Britain’s voting to leave the EU (I cant bring myself to use acronyms) got their wish last week and equity markets initially reacted badly; although it seems to be business as usual for risk assets since then, after the Bank of England talked about more liquidity being introduced and the prospect of 0% interest rates was touted.
Over these last 5 days the FTSE-100 has traded in a range of almost 9%, but whilst the recovery from the lows has been encouraging for supporters of equities it is important to remember that the index has fallen over 12% from its April 2015 and continues to trace out a pattern similar to 2000 and 2007 that ended with significant losses.
“History doesn’t repeat itself but it often rhymes,” (Mark Twain)
This means market conditions in my view remain skewed towards negative outcomes; one of the most reliable indicator of valuation remains Price to Sales and looking at an average of the collection of bellwether shares that I use as a proxy for the FTSE-100 the odds continue to suggest that the index will provide low or negative returns over the next five years.
This is also demonstrated by showing the predicted returns from the price to sales (this assumes growth in revenues will be at the long term average of 2.7%) assuming that the ratio reverts to either its mean or average level – as you can see reversion to the minimum is probably a more accurate indicator of future returns and they remain negative.
I never rely on a single indicator but this one continues to provide an accurate range of returns
So at present it appears that the Referendum result caused only a temporary blip to equity markets and more of a chance for short term traders to exploit potential value; for longer term investors there remains limited opportunity and its important to remember how capital preservation works……..
- Great news the FTSE-100 is up 13.3% from its lows in February!
- It is great if you invested £1,000 in February you would now have £1,133
- However what if you invested that £1,000 at the start of 2015?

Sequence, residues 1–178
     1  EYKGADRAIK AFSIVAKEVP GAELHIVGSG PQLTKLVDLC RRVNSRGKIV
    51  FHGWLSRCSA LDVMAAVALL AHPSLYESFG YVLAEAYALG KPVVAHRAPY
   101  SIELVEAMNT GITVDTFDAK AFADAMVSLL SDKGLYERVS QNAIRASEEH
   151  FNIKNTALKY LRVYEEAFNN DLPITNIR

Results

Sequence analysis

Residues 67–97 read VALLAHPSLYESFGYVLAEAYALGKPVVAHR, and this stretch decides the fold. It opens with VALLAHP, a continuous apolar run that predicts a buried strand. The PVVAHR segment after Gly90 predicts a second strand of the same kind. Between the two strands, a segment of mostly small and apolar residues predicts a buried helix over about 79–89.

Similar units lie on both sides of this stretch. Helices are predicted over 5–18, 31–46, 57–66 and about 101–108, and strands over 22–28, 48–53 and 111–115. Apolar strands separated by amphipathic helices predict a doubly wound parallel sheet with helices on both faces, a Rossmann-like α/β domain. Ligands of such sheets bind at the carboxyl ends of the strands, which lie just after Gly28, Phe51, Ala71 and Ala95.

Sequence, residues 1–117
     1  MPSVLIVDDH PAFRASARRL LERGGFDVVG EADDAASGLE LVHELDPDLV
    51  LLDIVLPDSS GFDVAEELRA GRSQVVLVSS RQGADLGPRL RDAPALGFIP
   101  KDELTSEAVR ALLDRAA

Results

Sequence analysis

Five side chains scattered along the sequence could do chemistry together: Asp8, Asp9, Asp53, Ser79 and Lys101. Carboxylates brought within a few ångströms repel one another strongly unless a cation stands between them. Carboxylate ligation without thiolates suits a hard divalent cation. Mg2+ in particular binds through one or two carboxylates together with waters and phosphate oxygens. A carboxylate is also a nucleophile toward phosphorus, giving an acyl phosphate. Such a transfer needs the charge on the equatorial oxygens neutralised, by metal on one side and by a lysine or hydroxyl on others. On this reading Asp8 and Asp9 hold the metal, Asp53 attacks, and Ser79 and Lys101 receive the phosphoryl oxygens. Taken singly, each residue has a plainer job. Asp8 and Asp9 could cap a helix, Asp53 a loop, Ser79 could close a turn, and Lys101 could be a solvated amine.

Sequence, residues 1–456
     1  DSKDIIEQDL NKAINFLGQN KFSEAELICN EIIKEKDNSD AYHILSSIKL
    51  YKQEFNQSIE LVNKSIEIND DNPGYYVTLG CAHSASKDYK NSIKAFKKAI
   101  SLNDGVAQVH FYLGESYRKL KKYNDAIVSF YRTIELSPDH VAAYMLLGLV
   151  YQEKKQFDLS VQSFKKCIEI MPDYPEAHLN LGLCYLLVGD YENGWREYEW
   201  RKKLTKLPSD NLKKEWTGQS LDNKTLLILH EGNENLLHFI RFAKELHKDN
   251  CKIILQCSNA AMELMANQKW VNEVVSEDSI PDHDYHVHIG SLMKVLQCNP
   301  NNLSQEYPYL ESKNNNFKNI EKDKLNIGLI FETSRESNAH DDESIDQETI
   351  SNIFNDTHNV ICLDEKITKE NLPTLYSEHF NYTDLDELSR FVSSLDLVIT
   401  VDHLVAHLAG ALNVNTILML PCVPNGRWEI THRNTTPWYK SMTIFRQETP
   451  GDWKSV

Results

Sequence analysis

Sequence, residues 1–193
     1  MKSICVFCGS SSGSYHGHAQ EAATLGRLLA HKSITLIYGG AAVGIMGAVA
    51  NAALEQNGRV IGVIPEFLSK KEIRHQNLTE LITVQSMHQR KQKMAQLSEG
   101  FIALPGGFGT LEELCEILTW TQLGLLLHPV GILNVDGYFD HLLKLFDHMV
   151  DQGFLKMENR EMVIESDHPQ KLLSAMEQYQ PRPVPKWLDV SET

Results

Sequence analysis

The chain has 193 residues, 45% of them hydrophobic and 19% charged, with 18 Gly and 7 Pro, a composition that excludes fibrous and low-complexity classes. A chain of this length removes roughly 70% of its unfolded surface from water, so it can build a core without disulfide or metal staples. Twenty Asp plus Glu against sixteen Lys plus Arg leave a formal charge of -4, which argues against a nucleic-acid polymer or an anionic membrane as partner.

- From 2015 the FTSE-100 lost 15.08% so in February the value of your investment would be £859
- The recovery of 13.3% would only provide a return of £114.27 no £133 and your investment would still be underwater at £973.25
- The message is keep those drawdown’s to a minimum!
Looking at a real life example of my model portfolio all the indicators that I look at have consistently pointed me to a cautious stance and a need to be invested in what I consider the ultimate safe haven (Index Linked Gilts); this has served me well over the last year with almost 80% in an Index Linked Gilt Fund. (The referendum result pushed these higher and whilst unexpected gave a welcome boost – the reason for the rise may be a combination of falling sterling and possible rising import costs as much as a rush for safe havens!)
I mentioned last week that Easyjet was a share that I was monitoring but holding off making a decision until after the referendum (see Nothing New 23rd June 2016 ) and that turned out to be sensible as although its recovered over the last day of so the price is down 30% in less than a week.
Whilst earnings estimates will undoubtedly be downgraded and the risk of falling revenues exist its important to remember……
- Low price ratios and attractive dividend yield
- Interest covered 49x
- Dividend covered 2.5x
- Cash exceeds borrowing
- Predictable business
- Likely to continue to gain market share from larger airlines
There are no doubt potential negatives but with a relatively strong financial base then a contrarian purchase could be worth considering as a reversion back to the average PE could be pretty profitable here is a simple check: –
- Current price £10.59
- Current PE ratio 7.73x
- Lowest current broker EPS forecast for 2016 £1.23 (most are currently upwards of £1.43)
- Remember PE = Price / Earnings so Price = PE x Earnings
- Price based on current PE and forward EPS = 7.73 x 1.23 = £9.50 a loss of 11%
- Price based on 10 year average PE and forward EPS = 18.74 x 1.23 = £18.74 a gain of 77%
- Price based on 3 year average PE and forward EPS = 12.31 x 1.23 = £15.14 a gain of 43%
This short hand approach provides an idea as to why this is worth considering – near term though dont be surprised by further declines as short interest in the share is now rising again (although a lot lower than earlier in the year).